Happy holidays to everyone in the horror community! Our beloved Halloween has come and gone and now we experience a bit of a lull in seasonally motivated scares while we wait for the winter and Christmas themed movies to emerge [we need more Chanukah movies]. As we patiently wait for the onslaught of snowed-in and/or Santa inspired films, you have to ask “why” the list of Thanksgiving horror movies remains so short...
...The holiday possesses an amazing mixture of themes which would perfectly fit into any film meaning to disturb, scare, or unsettle its audience. The stereotypical Thanksgiving involves travelling long distances, meeting or introducing a stranger to the family, eating uncomfortable amounts of food, and finding yourself trapped with people who you do not necessarily like. All of these qualities could so easily lead into a Thanksgiving fright fest and there are still numerous other concepts to touch on. Regretfully though, America’s favorite feast day still does not rank high on the list of appropriate settings for a horror film. We will most likely see such titles as Sweetest Day’s Slayings, Farmer’s Market Massacre, or The Gender Reveal Party Killer before we see a new Thanksgiving movie.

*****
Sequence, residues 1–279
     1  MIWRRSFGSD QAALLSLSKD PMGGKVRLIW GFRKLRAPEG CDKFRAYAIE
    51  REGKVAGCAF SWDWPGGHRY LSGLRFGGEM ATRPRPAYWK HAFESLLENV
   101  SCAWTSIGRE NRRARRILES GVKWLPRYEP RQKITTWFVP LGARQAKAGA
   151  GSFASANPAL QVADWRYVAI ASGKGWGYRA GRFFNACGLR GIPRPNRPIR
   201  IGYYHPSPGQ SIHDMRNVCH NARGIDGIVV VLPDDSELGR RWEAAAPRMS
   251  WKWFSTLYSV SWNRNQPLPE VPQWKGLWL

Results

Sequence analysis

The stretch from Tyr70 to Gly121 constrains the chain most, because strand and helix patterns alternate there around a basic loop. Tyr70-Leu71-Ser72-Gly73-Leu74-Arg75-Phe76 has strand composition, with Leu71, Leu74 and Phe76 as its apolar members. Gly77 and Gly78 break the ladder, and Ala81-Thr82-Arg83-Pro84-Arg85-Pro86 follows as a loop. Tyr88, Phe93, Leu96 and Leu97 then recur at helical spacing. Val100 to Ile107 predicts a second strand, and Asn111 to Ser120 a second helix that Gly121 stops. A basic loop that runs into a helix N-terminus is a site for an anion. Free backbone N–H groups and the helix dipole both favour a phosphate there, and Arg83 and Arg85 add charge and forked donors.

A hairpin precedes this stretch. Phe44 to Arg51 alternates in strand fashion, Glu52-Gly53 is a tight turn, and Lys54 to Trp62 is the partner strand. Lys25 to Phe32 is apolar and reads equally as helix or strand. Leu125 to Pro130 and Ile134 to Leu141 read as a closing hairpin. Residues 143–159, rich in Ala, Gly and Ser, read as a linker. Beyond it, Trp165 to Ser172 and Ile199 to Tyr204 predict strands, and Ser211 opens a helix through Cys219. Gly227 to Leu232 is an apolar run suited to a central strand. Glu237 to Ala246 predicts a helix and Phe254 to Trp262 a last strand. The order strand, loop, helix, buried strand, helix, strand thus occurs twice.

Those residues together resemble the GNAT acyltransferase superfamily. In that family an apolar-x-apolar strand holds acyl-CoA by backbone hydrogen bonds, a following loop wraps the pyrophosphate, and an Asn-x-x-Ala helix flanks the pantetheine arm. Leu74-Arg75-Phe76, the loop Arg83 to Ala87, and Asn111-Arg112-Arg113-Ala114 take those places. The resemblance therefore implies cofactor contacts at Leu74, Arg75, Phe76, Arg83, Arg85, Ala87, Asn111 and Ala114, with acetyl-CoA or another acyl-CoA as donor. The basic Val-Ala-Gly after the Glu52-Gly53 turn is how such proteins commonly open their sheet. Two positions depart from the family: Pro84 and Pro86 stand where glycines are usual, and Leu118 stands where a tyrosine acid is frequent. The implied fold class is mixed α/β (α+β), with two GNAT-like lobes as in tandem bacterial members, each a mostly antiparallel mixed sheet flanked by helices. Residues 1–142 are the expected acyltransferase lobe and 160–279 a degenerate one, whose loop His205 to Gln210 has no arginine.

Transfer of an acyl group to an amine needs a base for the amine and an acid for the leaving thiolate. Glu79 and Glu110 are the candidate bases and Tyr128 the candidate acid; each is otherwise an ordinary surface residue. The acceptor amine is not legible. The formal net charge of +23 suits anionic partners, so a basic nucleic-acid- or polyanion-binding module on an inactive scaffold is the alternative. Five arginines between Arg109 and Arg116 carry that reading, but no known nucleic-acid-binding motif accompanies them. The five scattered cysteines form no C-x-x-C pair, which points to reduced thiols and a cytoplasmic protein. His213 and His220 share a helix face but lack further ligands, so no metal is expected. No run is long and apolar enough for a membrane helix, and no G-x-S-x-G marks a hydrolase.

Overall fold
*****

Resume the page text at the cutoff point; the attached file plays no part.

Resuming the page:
But what is a horror fan to do? What do all the mutants do when they gather with their mutant family? Do they sit around the table and discuss the current state of the world? Nope. Too scary. Do they watch football? It’s violent but lacks story. Do they make hand-shaped turkey cut-outs? Possibly, if you add some gore. So, what should all the creep and creeplings do this holiday season? Relax, monsters and just help set the table because I got the menu all picked out for you. This meal offers something for everyone in the family and going back for seconds is encouraged. I’ve carefully selected films for your Thanksgiving and there should be something on the menu for all tastes and diet restrictions.